Most everyone who bothers learning the basics about computers will know that today's CPUs and APUs from Intel and AMD have dynamic overclocking technology. What they might not know is that down-clocking happens as well, for AMMD chips at least.
Then again, it's not as though Advanced Micro Devices wants people to know about it, saying it is a minor problem that almost never arises.
Nevertheless, the folks at X-bit Labs have discovered that, under heavy loads that cause the processor's TDP (thermal design power) to go above the allowed level, the clock speed of the CPU cores drop below the base.
This negatively affects performance to an extent that was never intended.
The AMD A10-5800K APU was used in a test. It has a base clock frequency of 3.8 GHz and a Turbo Core level of 4.2 GHz.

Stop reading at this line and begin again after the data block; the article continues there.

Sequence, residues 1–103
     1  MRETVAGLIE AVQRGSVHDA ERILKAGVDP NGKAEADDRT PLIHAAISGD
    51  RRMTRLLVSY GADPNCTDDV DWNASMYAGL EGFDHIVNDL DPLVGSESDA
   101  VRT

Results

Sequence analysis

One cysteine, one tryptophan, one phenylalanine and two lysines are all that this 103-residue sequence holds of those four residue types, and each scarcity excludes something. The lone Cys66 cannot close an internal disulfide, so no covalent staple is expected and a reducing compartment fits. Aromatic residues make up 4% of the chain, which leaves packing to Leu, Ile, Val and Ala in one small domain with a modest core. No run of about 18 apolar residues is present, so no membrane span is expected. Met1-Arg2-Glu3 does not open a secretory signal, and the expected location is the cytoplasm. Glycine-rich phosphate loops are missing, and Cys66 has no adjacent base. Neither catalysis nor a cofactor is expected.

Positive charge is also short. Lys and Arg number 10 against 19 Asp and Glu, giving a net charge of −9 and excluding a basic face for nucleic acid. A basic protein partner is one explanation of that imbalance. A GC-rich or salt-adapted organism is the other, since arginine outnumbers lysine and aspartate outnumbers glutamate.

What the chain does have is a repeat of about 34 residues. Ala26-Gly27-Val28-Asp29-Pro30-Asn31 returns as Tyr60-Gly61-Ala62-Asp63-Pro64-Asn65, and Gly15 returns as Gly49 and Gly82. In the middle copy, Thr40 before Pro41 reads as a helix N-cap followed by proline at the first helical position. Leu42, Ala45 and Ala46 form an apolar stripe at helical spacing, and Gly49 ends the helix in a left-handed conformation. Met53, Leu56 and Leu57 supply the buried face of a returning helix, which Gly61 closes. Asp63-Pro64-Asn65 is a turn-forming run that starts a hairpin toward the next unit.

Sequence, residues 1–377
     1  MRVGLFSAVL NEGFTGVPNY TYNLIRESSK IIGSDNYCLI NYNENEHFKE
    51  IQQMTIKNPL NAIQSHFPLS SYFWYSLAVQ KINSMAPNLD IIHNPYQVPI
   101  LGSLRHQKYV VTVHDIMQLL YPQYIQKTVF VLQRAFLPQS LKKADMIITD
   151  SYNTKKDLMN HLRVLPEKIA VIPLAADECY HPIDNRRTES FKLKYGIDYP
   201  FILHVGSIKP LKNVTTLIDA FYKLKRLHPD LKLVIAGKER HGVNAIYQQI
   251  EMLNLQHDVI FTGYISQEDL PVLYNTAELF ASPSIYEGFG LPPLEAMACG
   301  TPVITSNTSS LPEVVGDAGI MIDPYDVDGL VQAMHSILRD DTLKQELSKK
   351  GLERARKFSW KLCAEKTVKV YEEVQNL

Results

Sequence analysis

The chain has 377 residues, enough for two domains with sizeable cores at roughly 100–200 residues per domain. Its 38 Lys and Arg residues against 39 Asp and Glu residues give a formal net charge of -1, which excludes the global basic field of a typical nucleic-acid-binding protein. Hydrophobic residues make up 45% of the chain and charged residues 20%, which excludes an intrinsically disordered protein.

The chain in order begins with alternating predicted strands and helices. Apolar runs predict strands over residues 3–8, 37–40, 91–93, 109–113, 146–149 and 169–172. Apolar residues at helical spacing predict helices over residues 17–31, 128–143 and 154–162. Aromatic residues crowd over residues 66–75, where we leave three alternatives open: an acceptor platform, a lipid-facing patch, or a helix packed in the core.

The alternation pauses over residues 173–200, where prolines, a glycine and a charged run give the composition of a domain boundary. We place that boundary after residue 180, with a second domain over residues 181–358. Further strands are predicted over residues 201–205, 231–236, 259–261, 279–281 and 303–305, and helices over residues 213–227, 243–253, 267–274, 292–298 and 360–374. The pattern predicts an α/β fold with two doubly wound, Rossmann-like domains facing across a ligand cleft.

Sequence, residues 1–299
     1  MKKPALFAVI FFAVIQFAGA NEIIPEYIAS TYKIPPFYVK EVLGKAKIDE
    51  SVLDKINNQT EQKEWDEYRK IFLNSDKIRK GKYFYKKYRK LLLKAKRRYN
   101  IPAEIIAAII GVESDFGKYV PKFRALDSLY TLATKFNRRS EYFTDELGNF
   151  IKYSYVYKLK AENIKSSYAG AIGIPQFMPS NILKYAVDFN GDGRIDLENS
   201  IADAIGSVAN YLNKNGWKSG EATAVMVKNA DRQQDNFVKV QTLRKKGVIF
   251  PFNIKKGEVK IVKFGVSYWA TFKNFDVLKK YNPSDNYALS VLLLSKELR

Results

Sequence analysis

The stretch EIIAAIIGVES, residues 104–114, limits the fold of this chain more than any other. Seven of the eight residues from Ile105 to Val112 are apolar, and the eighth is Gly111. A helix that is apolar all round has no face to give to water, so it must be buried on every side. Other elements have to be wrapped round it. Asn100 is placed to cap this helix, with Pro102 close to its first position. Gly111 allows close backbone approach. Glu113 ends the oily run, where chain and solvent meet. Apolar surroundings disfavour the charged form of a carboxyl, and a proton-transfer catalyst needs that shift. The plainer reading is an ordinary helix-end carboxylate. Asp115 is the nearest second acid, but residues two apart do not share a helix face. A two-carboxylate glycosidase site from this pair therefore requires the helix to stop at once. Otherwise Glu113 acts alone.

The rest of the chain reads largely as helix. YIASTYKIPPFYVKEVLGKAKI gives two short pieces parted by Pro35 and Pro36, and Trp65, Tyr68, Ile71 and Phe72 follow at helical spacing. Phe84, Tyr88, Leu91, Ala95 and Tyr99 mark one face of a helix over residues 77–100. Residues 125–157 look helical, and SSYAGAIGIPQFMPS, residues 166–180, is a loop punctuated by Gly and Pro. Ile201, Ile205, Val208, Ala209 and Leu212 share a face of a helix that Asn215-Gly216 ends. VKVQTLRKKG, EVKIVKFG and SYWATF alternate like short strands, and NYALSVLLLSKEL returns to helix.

When subjected to a high multithreaded load, however, the clock drops not to 3.8 GHz but to 3.4 GHz. Other Trinity chips do similar things.
The Linpack benchmark has revealed the issue, though various video encoding apps and 3D renderers have revealed the same phenomenon.
In response, Advanced Micro Devices has stated that it knows of the problem, but it crops up very rarely, as there are few programs that subject processors to the same toil as Linpack.
“Linpack is one of the few synthetic applications that may exceed the de-rating defined for our TDP. In the synthetic instances where base frequency causes our APU to run above its TDP, the part will throttle down to a frequency below base,” the company said.
“Similar to Intel, thermal design power (TDP) is a realistic power target for partners to use in order to provide the best balance between cost and performance. However, as stated above, some unusual and synthetic workloads can cause a thermal event where our APU briefly drops below the base frequency.”